On October 21, angry locals filled the streets of the Congo’s Nord Kivu province town of Beni. The crowd torched the post office, destroyed parts of the town hall and threw stones at vehicles belonging to health workers fighting a deadly outbreak of the Ebola virus. Eventually driven off by tear gas and live ammunition fired into the air, the demonstrators were enraged by the inability of Democratic Republic of the Congo (DRC) troops and UN peacekeepers to prevent yet another terrorist strike in the town. 11 people were hacked to death and 15 others, including children, were abducted by militants of the Allied Democratic Front (ADF) (Radio Okapi [Kinshasa], October 21; AFP, October 22).
Nord Kivu province borders Uganda and Rwanda to the east and has absorbed defeated militant groups from both countries. Scores of armed groups are active in the region now despite the presence of large numbers of UN peacekeepers and troops of the Armed Forces of the DRC (Forces Armées de la République Démocratique du Congo—FARDC).
After two decades of ADF activity in the Uganda-DRC border region, ADF operations are now concentrated in the Nord Kivu town of Beni, a hub for regional trade routes. Beni is close to Virunga National Park, the Ituri Forest and the Rwenzori Mountains, all used at some point as bases for ADF activities. The region is rich in gold, tin, timber and diamonds.
The Allied Democratic Forces
The ADF has its roots in the Ugandan chapter of the Tabliqi Jama’at, an Islamic revival movement which began to claim political persecution in the 1990s. Many of the group’s members left the capital city Kampala for the wild Rwenzori Mountains of western Uganda, where they formed the ADF by allying themselves with remnants of the Rwenzori separatist movement, fugitive Idi Amin loyalists and the National Army for the Liberation of Uganda (NALU)—a group drawn from the Nande ethnic group of the Rwenzori Mountains. Today, most ADF members are locally recruited residents of Nord Kivu.
The ADF’s leader, Jamil Mukulu, was arrested in Tanzania in April 2015 and extradited to Uganda. Mukulu was carrying no less than nine passports when authorities arrested him (Le Monde, May 15). Mukulu is a convert from Christianity who became involved in the Tabliqi Jama’at and eventually adopted a Salafi-jihadist stance with alleged ties to al-Qaeda (The Independent [Kampala], May 17, 2015).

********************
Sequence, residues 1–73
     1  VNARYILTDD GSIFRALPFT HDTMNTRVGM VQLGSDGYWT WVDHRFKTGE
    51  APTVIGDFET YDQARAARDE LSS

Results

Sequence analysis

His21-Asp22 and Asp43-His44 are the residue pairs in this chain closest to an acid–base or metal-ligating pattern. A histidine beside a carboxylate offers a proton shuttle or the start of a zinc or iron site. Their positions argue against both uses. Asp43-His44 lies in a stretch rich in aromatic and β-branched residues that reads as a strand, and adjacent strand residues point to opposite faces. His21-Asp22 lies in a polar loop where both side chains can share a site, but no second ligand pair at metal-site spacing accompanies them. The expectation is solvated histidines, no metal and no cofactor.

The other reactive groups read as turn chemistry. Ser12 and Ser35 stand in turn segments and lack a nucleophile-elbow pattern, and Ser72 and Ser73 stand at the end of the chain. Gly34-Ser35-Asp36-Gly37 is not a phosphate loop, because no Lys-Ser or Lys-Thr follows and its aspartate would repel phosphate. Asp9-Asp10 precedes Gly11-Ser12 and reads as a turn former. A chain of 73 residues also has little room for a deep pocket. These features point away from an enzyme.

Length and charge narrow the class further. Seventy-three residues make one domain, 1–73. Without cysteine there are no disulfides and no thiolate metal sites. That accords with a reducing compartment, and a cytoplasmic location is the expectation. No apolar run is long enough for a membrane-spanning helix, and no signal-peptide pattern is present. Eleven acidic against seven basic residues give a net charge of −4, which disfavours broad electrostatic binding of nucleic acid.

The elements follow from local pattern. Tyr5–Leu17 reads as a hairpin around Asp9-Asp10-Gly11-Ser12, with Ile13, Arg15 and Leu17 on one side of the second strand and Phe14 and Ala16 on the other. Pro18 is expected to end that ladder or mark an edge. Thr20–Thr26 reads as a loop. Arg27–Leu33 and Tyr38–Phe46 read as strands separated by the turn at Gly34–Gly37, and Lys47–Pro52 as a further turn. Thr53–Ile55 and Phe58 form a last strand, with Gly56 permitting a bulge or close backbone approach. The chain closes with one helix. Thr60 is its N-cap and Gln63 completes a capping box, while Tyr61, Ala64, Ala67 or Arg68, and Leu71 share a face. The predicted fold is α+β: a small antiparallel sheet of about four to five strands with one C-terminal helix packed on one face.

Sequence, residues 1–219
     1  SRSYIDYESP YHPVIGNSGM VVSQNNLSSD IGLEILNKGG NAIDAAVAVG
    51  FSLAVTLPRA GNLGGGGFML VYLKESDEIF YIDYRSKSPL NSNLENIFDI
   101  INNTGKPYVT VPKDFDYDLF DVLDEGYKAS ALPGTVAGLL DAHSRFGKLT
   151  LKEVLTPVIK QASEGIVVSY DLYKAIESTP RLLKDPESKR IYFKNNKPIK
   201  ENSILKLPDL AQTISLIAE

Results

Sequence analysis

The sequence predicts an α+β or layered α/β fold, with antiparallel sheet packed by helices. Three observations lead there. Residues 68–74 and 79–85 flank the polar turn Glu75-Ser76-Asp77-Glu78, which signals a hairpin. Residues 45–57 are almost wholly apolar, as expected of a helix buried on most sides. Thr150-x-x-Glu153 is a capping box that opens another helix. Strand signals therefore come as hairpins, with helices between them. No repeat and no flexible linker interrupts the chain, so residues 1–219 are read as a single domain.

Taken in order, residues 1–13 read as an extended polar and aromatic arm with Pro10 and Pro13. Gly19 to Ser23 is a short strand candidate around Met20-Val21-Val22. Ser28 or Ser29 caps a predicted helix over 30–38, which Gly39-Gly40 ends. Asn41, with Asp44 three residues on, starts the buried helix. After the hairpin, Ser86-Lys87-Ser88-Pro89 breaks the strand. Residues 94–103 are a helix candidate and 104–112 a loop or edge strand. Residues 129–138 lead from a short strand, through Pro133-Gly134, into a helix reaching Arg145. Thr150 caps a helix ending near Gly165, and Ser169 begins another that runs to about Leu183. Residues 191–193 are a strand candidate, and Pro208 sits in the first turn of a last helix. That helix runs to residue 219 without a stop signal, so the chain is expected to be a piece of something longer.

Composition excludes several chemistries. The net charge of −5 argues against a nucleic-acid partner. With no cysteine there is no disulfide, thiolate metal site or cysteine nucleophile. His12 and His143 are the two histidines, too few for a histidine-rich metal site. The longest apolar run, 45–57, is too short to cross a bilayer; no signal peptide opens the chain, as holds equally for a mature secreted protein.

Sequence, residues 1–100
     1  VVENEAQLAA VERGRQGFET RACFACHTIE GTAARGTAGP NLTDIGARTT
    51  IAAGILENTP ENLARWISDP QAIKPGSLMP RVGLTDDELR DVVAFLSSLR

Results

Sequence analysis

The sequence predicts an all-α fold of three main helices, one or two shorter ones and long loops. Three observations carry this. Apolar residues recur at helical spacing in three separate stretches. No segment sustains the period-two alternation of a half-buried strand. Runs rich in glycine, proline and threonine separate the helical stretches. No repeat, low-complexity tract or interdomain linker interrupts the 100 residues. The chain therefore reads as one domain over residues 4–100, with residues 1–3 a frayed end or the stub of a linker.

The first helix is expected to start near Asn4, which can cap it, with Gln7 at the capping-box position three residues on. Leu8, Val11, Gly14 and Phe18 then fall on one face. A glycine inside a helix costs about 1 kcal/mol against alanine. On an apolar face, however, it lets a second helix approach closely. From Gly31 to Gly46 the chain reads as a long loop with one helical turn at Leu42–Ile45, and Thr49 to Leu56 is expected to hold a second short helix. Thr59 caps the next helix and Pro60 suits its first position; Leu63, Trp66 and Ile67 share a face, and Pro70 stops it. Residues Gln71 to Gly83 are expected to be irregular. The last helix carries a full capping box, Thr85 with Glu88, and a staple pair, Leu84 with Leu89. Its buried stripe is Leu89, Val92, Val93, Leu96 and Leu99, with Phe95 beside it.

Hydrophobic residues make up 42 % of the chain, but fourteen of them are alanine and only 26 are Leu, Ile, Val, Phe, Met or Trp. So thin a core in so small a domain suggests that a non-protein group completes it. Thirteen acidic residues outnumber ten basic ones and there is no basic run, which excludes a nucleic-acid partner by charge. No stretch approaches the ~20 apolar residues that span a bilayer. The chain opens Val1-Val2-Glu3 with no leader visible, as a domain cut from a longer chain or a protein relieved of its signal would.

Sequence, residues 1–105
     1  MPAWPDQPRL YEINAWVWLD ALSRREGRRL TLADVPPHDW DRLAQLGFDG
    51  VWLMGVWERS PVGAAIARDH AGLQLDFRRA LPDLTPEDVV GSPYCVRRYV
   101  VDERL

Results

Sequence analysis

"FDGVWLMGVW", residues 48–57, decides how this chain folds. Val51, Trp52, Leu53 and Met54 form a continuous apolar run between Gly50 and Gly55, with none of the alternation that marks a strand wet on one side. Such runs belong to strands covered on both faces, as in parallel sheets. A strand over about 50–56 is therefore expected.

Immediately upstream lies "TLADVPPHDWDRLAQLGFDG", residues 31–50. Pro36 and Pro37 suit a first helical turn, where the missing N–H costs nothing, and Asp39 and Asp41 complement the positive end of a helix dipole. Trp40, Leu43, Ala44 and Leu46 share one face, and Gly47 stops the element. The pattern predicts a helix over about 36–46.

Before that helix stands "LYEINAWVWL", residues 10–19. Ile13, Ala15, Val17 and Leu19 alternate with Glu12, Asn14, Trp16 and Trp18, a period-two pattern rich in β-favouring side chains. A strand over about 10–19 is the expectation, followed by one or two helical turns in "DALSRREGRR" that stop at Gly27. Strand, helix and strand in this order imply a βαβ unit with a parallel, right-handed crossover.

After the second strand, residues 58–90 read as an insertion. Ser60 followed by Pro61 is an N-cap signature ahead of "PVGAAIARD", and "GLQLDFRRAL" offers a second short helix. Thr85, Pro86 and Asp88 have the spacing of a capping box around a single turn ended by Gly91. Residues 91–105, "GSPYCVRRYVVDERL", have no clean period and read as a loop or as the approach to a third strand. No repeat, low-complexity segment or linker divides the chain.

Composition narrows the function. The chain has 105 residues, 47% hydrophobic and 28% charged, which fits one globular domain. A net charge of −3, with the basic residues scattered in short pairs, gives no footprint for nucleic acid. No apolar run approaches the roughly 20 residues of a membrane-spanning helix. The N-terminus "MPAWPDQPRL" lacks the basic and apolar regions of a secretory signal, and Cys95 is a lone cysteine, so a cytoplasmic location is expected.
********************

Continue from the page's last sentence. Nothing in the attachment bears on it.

The ADF was able to obtain Sudanese arms and training during the proxy war fought between Khartoum and Kampala, but this came to an end when the 2005 Comprehensive Peace Agreement with South Sudan brought a finish to the proxy war.
The ADF has a low-profile and highly isolated leadership. Mukulu’s successor as leader of the main ADF faction is believed to be Imam Seka Musa Baluku, the subject of an Interpol red notice (Daily Monitor [Kampala], September 24, 2015). As the prospect of actually overthrowing the Ugandan government has grown more distant, the movement has splintered, losing any sense of ideological cohesion in favor of extortion, illegal taxation and resource exploitation.
The ADF resents interference in its local economic operations, and a 2014 statement made their approach clear:
You, the population, we are going to kill you because you have provoked us too much. The same goes for the FARDC with whom we used to live without any problems… Don’t be surprised to see us killing children, women, elderly… In the name of Allah, we will not leave you alone.” 
Other ADF factions include the Feza Group (more religiously inclined than the others), the Matata Group, the Abialose Group (commanded by “Major” Efumba) and the ADF-Mwalika.  Factional leaders have often married the daughters of local chieftains to strengthen local ties.
The Uganda Peoples’ Defense Force (UPDF) succeeded in expelling the ADF from Uganda in 1999. The rebels, however, re-established themselves across the border in the DRC’s lightly governed but resource-rich Nord Kivu province. The ADF has posed little threat to Uganda since suffering heavy losses in battles with the UPDF in 2007-2008.